NYPNU leaders said the affiliation with NNU made it possible to go toe-to-toe with management: Nurses from out-of-state NNU affiliates helped gird NYPNU members for a potential strike and were ready to walk picket lines with them. NNU staff provided strategic guidance. And NNU helped to cover some costs of NYPNU’s stepped-up campaign.
NYPNU hired additional organizers, on a temporary basis, to support an intensified organizing program among nurses. In addition to its 16-person bargaining committee, the union formed a rank-and-file contract committee of 22 nurses, each responsible for mobilizing a section of the workforce. The union convened frequent small and large meetings, held in the hospital cafeteria, the union office or a nearby church. Elected union delegates traveled the hospital speaking to workers during their shifts. Nurses leafleted outside the hospital. Workers wore union hoodies and a series of coordinated buttons with messages like “We Are the Union.”
NYPNU also set up worker committees devoted to community and political outreach, centered around their contract’s impact on the quality of patient care. They gathered postcards to management, and drew local news coverage. They canvassed the businesses around the hospital, talking to business owners about the issues in their contract and urging them to post signs in the window that said, “We Support Lenox Hill Nurses. Fair Contract Now.” Nurses stood at the nearest subway stop, talking to locals about the issues and handing out coffee. The coffee cup sleeves had a message urging phone calls to North Shore CEO Michael Dowling in support of the workers; the union provided a special toll-free number that routed to his office. “We wanted to hopefully create the message to the hospital that we were sophisticated enough that a strike would have extremely painful consequences,” said Toback.
What nurses do in a storm
McCarthy says workers were “galvanized” by the knowledge that the hospital “basically wanted to blow up the contract and start from scratch…nurses became very militant over it.” While the union “didn’t go house to house,” McCarthy says, “we reached everybody.”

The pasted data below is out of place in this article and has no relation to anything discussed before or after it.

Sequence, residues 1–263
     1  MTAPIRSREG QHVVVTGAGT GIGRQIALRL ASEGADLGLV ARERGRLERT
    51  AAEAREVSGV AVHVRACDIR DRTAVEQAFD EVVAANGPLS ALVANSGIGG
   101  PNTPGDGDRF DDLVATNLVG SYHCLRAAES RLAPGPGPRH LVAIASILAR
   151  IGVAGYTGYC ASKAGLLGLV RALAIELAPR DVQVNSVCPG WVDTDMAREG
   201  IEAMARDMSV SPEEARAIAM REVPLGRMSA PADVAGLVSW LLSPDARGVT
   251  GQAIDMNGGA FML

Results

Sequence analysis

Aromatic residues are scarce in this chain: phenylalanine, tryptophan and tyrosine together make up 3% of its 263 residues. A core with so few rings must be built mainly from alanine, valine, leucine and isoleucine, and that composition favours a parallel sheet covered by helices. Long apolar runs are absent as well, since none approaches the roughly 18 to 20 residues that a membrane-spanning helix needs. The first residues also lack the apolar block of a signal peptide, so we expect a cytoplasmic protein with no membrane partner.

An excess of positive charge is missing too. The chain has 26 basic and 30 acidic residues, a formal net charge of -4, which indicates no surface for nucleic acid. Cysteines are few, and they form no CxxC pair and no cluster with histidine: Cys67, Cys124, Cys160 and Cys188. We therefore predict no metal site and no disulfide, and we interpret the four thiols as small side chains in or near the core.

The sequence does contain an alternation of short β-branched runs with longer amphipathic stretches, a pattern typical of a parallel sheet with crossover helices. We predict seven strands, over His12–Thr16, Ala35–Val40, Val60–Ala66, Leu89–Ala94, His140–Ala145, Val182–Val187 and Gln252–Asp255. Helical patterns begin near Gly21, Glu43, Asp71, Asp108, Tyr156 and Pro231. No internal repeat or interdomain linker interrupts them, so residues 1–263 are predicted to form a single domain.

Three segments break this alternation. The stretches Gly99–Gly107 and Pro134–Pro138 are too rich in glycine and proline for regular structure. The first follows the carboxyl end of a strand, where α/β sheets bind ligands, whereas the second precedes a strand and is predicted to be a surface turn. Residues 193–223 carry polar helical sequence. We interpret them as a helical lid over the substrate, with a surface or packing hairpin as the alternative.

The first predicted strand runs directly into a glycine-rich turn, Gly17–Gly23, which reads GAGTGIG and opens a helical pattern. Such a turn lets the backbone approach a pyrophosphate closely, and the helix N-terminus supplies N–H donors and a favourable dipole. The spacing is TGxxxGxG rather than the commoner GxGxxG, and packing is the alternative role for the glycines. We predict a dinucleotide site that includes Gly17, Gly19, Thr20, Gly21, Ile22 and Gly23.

NYPNU alleged that management pushed back with an aggressive anti-union campaign. “They were being told if you go on strike, you’re all being fired, or things like that,” said Toback. (North Shore-LIJ did not respond to a request for comment.) When the hospital announced an ostensibly voluntary meeting to share management’s position on the negotiations, Toback said workers planned to show up in their hoodies and, when they heard something false, stand up, turn their backs, and walk out (the meeting was cancelled because of the hurricane).
Spokesperson Oksenkrug responded that allegations “of managers intimidating workers and making proposals that would have endangered patient health are simply untrue.”
McCarthy says all of this paid off. She described the contract’s main union concession – monthly insurance co-pays ranging from $25 for an individual to $100 for families – as unpopular but inevitable: “Every other organization pays premiums into their health insurance, so we knew we were going to face that. But what we were successful in doing was pushing it off until 2015.” According to NYPNU, the contract was ratified with over 99 percent support. She said that along with increasing healthcare and pension contributions and wages, the contract sustains protections for patients, including limits on which nurses can be assigned to which departments and a ban on mandatory overtime. Removing such protections, says McCarthy, is “dangerous for the nurse, and it’s dangerous for the patient, and that’s what they wanted.” She adds, “For me personally, I thought those proposals were both insulting and unnecessary…they were just bullies.”
On October 17, workers voted to authorize a strike with 96 percent support. By law, they were required to give 10-day notice for a work stoppage. The nurses were originally scheduled to go out on strike on November 5, but pushed the date back one week because of Hurricane Sandy. McCarthy believes the nurses’ work during the strike helped finally break management’s resistance to keeping the mandatory overtime ban. The hurricane, she says, showed management that in an emergency, “nurses don’t walk out of the hospital. Nurses stay in the hospital. They stay beyond their shift. And they call in and say, ‘I can come in. Do you need me?’ … They saw what nurses do.”